It is the opinion of the NEC that this incorrect reasoning led the Majority to rely principally on the PPS and disregard the primacy of the NEP, and fail to give meaning or significance to the purpose and objectives of the NEP [68-69].  The Majority “failed to assess whether the NEP provides greater protection to the woodland” [76].  Had the Majority had proper regard to the NEP, “they ought to have found that the NEP is ‘more rigorous’ or more protective than the ‘no negative impacts’ test under the PPS” [74].

The NEC concludes its argument with further examples of “environment first focus” policies in the NEP to support its legal argument that greater protection is owed to woodlands within the NEP than provided for in the PPS “no negative impact test” [78].


(ii)          Reversal of the Onus

Per the NEP, the proponent (Walker Aggregates Inc.) had the onus of demonstrating that the quarry meets the purposes and objectives of the NEP.   The NEC alleges that the Majority effectively reversed the onus:

The Majority’s approach was effectively to allow the quarry, unless it could be demonstrated that doing so would be contrary to the NEP.  This error is compounded by the fact that, as submitted above, the Majority consistently refused to give effect to the NEP, preferring the PPS. [83]

Instead of requiring the proponent to make its case that its quarry would not offend the purpose and objectives of the NEP, the Majority focused on its finding that there was no compelling evidence that the quarry would offend the purpose of the NEP.  Effectively, the Majority decision implies that a quarry is granted as-of-right, unless there is evidence that it should not be there.


(iii)        Disregarding NEP Section 2.7 “New Development Criteria within Wooded Areas”

The NEC submits the Majority disregarded a “crucial” criterion for the issuance of a Development Permit- Section 2.7 of the NEP. [84]  The Majority determined “without any authority or support whatsoever, that section 2.7 of the NEP, ‘New Development Criteria within Wooded Areas’ was ‘more oriented toward traditional and smaller scale developments and is not completely applicable to a quarry proposal’”. [85]

The objective of section 2.7 of the NEP is “to ensure that new development should preserve as much as possible of wooded areas”.  Section 2.7 also provides that “…proposed developments in heavily treed areas shall have site plan arrangements containing specific management details regarding the protection of existing trees.” [20]

In closing at paragraph 87, the NEC argues:

The disregard for the most directly applicable Development Criteria in the NEP to the significant woodland issue is yet another example of the Majority’s failure to properly interpret the NEP.


(iv)        Improperly Reading-in a “Net Gain” or Ecological Compensation Approach

The NEC submits that the Joint Board erred in applying a net gain approach to allow 32.8 hectares of significant woodland to be cut down and replanted elsewhere to permit the development of the Walker Quarry.  The net gain or “ecological compensation” approach of the Joint Board is the concept of compensating for the removal of significant woodland (including wildlife habitat) through the planting of trees elsewhere, even outside of the NEP area. [90]

The NEC argument outlines how a “net gain” approach is inconsistent with the applicable purpose and objectives of the NEP, and the environment first objectives of the NEPDA/NEP. [96-97]

The NEC refers to the recent Re Nelson Aggregate Co., 2012 CarswellOnt 12881 decision to bolster its argument that the NEP does not include the concept of “net gain”, and that the PPS has no provision for “net gain” to offset the requirements of “no negative impact”. [95]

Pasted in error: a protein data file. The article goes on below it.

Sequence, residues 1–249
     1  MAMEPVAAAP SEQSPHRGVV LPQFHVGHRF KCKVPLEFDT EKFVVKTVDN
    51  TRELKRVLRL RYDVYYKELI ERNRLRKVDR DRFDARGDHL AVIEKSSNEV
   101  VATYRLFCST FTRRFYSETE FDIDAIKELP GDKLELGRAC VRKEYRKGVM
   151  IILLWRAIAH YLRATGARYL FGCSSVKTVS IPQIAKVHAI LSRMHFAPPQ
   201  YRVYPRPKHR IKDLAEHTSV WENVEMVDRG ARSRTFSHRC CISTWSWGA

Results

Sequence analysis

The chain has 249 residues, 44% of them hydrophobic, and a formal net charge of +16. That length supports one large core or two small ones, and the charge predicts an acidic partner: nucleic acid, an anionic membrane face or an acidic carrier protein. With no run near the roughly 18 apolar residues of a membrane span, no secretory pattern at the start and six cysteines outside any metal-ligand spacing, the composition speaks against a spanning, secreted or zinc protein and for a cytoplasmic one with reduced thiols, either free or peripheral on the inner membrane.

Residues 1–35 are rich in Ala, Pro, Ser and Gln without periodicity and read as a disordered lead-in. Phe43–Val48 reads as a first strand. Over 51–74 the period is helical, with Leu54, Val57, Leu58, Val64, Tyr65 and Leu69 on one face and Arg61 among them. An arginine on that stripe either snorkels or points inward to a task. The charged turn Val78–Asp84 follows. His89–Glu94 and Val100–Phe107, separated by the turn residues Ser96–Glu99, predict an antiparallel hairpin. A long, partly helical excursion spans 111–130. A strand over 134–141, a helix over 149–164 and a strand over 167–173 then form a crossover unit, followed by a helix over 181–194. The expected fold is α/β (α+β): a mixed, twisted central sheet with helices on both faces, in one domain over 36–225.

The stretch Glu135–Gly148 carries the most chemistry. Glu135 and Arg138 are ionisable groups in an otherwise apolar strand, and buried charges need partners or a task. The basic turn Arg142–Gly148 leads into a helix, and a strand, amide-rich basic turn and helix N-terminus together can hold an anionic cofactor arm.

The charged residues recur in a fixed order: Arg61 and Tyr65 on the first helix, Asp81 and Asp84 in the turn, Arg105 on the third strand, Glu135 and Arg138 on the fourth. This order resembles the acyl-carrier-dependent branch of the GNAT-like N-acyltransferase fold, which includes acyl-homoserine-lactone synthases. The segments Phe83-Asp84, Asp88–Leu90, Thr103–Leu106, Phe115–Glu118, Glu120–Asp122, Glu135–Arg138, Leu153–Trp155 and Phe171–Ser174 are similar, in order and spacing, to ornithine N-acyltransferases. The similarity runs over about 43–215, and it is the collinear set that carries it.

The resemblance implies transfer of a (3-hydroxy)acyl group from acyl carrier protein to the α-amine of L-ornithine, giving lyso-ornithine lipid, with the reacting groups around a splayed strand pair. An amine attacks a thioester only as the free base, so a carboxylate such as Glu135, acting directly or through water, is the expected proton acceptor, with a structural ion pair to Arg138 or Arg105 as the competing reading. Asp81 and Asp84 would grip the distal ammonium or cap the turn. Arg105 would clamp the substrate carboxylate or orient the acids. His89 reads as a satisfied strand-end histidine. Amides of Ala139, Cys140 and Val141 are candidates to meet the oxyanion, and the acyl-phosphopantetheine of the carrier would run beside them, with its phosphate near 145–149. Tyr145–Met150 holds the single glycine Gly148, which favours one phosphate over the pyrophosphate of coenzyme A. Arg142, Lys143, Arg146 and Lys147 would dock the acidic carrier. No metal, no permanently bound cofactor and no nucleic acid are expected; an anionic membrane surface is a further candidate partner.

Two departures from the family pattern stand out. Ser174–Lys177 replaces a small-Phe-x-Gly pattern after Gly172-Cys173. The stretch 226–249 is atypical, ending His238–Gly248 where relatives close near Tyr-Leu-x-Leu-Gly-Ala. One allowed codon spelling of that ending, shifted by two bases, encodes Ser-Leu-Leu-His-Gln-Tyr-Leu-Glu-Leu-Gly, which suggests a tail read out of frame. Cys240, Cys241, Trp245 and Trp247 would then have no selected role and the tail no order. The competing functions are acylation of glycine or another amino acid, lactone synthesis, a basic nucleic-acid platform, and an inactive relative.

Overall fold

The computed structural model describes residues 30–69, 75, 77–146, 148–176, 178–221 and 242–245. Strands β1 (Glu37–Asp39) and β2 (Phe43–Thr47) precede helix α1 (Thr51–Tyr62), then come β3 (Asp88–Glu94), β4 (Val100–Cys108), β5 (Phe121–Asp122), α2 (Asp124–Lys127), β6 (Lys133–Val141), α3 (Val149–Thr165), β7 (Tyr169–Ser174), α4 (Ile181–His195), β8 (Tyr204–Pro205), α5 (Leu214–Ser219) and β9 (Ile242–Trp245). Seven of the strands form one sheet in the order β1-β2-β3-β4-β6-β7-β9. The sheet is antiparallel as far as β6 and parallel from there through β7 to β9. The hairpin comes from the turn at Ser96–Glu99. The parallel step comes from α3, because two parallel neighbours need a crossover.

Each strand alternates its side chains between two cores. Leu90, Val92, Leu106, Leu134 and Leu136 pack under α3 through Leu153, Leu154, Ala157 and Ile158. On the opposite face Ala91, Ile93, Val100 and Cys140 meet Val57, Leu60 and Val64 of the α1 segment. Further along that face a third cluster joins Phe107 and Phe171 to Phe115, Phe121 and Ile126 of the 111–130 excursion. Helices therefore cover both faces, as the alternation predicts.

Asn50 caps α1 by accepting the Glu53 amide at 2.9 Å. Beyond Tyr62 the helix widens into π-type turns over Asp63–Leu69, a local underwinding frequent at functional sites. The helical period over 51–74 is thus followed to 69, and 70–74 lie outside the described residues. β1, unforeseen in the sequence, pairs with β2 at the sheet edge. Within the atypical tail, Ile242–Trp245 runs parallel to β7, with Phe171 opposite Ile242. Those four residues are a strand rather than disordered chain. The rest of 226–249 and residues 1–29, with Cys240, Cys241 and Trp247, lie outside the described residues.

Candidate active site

The NEC concludes its submission on this legal error at paragraph 97:

The Majority, however, refused to interpret or give effect to the provisions of the NEPDA/NEP that set out these objectives and instead applied the balancing approach set out in the PPS.  Accordingly, the Applicant [NEC] submits that the Board erred in applying the “net gain” approach.


(2)   Error in Delegating the AMP to the Minister

Briefly, an AMP is a document that outlines how a quarry operator will monitor the environmental impact of its quarrying operations, and respond in the event of environmental impacts.  “An AMP has been described as a ‘flexible system of mitigation and monitoring’” that has been included as a finalized condition to an aggregate licence. [99]

At the Hearing, the Joint Board considered the proposed draft Walker AMP to be a ‘fundamental’ part of the application and was aware that the AMP was a matter of considerable controversy between the parties. [106]  However, the Joint Board failed to issue a decision on the AMP, and instead deferred the finalization of the AMP, a condition of the licence, to the Minister, effectively precluding parties from commenting on the final proposed AMP.  [106]


The NEC argues that “the Majority improperly sub-delegated the finalization of the AMP to the Minister of Natural Resources” since the Aggregate Resource Act provides no authority for the Minister to finalize the AMP, or the Joint Board to delegate this task to the Minister. [98]

At paragraph 105:

By directing the Minister to issue a licence with a requirement that the Minister make modifications to and finalize the AMP “to the satisfaction of the Minister”, the Joint Board required the Minister to do more than refuse to impose conditions…By deferring the finalization to the Minister as it [the Joint Board] did, the Joint Board exceeded their deferral power…and improperly sub-delegated the task of modifying and approving the AMP.”

The NEC submits “This improper sub-delegation resulted in a breach of procedural fairness” [98], and explains how at paragraph 106:

This improper sub-delegation prevented the parties from making submissions to the Joint Board on the final AMP contrary to their rights under the Statutory Powers Procedure Act.  The Joint Board… effectively prevented a hearing of the deferred matter without first deciding that the matter [the AMP] was not in controversy.

Donnelly Law will continue to report on the case and the parties’ submissions.  CCC will submit its argument on March 22, followed by Walker and other respondents on April 15, 2013.  The case will be argued before the Divisional Court on April 25, 2013.